Do you need to update your Will? 24



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Estate planning is really about peace of mind and making sure that your assets are distributed to your beneficiaries, in accordance with your wishes.

A Will is a legal document that allows you to define how your assets are split up when you die. In your Will you appoint an Executor, who will be the person(s) responsible for making sure your wishes are carried out.

When someone dies without a Will, the person is said to have died ‘intestate’. The same applies if your Will cannot be located or if it is deemed invalid. So it’s a good idea if you have a Will, to make sure it is updated and that your loved ones are aware of its location.

Dying interstate will mean your assets are distributed according to a legal formula set down by the State. These intestacy rules do not take into account your personal circumstances or wishes.

Do yourself and your family a favour and review your Will, especially if you have had a major life event such as:

  • getting married
  • getting divorced
  • the birth of children and/or grandchildren
  • starting your retirement, and
  • the death of a relative you have included in your Will.

If it’s been a while since you drafted the Will, it may be best to review it with a solicitor, who can point out any potential issues to consider.

Do you need to update your Will? Please share your thoughts below.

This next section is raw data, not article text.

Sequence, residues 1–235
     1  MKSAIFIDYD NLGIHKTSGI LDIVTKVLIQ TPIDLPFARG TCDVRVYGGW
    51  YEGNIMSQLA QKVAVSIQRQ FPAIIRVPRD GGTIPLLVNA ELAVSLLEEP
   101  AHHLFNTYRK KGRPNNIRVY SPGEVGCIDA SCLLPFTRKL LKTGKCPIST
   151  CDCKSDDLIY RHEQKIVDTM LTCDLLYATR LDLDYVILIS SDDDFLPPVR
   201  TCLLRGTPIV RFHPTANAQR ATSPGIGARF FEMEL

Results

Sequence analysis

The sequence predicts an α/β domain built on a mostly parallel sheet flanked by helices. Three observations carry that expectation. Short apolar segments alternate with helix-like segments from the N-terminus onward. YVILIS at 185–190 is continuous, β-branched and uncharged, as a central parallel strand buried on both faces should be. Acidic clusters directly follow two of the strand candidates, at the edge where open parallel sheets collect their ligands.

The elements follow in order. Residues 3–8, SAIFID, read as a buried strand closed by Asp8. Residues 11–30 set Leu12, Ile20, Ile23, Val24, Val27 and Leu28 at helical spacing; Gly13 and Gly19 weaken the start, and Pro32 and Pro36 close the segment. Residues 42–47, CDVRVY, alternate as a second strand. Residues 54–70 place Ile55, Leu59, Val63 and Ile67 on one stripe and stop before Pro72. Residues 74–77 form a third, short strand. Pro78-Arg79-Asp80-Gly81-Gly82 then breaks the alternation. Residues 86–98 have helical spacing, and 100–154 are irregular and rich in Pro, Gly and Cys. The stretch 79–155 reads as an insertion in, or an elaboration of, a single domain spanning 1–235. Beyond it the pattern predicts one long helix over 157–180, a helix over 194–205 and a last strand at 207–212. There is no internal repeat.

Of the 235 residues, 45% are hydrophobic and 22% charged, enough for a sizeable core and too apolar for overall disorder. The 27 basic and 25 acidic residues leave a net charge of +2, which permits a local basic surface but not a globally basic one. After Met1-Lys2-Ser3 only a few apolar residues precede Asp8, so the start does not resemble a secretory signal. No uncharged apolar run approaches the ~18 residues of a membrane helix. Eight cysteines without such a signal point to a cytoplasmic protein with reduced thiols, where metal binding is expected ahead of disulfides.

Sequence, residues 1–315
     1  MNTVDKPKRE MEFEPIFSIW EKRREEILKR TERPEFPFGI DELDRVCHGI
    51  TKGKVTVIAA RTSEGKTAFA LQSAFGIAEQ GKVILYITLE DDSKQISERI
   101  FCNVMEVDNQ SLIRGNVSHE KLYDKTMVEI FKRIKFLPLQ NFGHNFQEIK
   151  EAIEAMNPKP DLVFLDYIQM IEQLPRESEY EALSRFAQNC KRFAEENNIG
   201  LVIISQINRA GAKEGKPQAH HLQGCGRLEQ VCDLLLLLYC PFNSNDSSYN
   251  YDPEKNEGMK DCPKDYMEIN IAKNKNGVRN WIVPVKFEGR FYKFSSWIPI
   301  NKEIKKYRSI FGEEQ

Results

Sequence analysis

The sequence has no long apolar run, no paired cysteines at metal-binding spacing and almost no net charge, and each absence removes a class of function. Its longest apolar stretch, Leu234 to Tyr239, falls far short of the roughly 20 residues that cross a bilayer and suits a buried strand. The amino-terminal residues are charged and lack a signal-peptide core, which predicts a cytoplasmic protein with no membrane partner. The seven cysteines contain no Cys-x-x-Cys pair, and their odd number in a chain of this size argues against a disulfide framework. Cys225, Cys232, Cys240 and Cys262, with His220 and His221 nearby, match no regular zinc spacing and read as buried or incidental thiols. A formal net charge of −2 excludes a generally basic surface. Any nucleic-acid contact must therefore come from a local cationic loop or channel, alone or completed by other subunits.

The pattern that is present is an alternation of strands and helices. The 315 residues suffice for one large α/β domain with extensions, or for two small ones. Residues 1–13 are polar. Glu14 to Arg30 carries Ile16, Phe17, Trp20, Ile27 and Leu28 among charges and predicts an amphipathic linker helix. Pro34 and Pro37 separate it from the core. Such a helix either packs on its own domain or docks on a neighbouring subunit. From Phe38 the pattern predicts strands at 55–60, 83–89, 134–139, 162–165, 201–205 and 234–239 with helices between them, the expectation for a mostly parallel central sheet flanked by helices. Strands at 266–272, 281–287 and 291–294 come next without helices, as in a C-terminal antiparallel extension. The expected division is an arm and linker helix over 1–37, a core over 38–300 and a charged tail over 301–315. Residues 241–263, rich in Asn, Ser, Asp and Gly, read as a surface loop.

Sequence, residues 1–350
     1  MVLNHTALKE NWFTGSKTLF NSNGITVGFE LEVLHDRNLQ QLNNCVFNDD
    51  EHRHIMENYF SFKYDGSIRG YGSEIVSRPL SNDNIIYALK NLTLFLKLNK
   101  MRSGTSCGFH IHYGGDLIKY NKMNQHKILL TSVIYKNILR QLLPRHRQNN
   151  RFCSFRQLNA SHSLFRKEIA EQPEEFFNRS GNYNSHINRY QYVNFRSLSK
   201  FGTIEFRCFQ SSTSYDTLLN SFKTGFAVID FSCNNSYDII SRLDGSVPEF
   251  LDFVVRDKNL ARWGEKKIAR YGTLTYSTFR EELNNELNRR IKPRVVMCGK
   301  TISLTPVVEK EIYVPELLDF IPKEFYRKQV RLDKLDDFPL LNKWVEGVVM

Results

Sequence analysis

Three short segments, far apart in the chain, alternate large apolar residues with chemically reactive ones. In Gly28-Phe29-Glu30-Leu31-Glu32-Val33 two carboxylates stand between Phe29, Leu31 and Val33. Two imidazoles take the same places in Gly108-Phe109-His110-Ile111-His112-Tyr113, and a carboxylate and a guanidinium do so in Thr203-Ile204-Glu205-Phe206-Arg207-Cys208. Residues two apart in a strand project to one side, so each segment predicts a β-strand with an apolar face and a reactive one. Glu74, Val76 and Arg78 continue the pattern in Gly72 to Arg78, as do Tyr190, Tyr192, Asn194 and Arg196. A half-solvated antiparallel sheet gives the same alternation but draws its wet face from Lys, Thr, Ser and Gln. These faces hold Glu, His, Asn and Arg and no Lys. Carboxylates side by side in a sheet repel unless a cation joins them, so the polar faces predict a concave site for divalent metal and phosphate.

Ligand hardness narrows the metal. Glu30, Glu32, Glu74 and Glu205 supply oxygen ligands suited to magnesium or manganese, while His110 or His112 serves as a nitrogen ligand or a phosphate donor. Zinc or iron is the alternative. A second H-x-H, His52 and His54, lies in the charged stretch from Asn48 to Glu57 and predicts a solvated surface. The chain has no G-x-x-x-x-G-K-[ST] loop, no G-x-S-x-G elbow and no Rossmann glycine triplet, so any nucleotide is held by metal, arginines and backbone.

Information provided in this article is general in nature and does not constitute personal financial advice. Before making any decision based on this information, you should assess your own circumstances or seek advice from a financial adviser. Wally David is an Authorised Representative (318432) of Wealth Managers Pty Ltd, AFSL No. 232701.

Wally David

Wally David is a Certified Financial Planner® with over a decade of experience in the field of financial planning. He is the founder of and regularly appears in the media to comment for news stories, TV segments and other forums.

  1. Will need to get around to making a will, keep forgetting.

    What is the best way to go about it, and cheapest for my daughter to execute when I die.
    Basically everything left to her so very simple will?

  2. My is done. Law is my past prefession and I try and encourage people of all ages to get their wills done.

  3. Hello, can someone comment on info given to me by a friend who said that if my husband or myself die without a will, our estate automatically passes to the remaining living partner, here in Victoria.It is only in the case of us both dying together that a Will is necessary.

  4. Made our first will in the first two weeks of marriage. Me to him – him to me and then to the unborn. If none – me to my brother him to his mother. The Public Trustee making the will said but you’ve got nothing much to leave. We said well, presumably we will in the future. The children were born, grew up and procreated. Then we did our next will the same except that now they both have joint something or other if we get beyond the pale while still breathing.

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